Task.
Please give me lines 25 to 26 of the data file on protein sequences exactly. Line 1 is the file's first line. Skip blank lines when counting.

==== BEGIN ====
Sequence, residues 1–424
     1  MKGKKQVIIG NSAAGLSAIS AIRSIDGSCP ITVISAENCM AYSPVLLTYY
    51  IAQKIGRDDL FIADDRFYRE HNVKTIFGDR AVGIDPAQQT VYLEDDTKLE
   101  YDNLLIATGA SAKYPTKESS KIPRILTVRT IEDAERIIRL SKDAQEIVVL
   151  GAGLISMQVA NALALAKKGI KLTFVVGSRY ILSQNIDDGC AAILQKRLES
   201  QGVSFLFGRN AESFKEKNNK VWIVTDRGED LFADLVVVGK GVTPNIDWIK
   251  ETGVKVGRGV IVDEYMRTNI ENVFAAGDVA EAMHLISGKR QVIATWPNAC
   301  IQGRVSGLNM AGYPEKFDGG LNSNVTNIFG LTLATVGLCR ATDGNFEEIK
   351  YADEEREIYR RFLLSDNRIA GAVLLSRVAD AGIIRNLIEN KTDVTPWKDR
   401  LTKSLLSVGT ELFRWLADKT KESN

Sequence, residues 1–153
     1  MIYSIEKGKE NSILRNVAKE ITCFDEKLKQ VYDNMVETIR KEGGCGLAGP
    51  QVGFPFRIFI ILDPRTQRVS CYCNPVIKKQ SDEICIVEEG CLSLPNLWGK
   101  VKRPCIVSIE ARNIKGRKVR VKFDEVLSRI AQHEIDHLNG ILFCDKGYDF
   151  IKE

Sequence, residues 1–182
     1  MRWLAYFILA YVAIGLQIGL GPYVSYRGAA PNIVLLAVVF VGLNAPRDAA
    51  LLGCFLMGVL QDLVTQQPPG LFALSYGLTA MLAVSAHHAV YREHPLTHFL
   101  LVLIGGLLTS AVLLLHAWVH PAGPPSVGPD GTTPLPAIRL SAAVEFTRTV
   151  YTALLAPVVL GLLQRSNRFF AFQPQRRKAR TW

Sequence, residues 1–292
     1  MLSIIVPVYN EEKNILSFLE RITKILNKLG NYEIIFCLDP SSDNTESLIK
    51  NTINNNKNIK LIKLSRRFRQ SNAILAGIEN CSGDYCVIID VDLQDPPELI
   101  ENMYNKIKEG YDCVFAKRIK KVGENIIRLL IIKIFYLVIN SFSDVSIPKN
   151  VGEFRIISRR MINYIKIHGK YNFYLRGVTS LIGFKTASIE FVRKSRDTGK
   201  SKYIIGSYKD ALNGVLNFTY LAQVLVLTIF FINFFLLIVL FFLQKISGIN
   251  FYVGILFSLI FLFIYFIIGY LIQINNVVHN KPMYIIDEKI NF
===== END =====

   151  VGEFRIISRR MINYIKIHGK YNFYLRGVTS LIGFKTASIE FVRKSRDTGK
   201  SKYIIGSYKD ALNGVLNFTY LAQVLVLTIF FINFFLLIVL FFLQKISGIN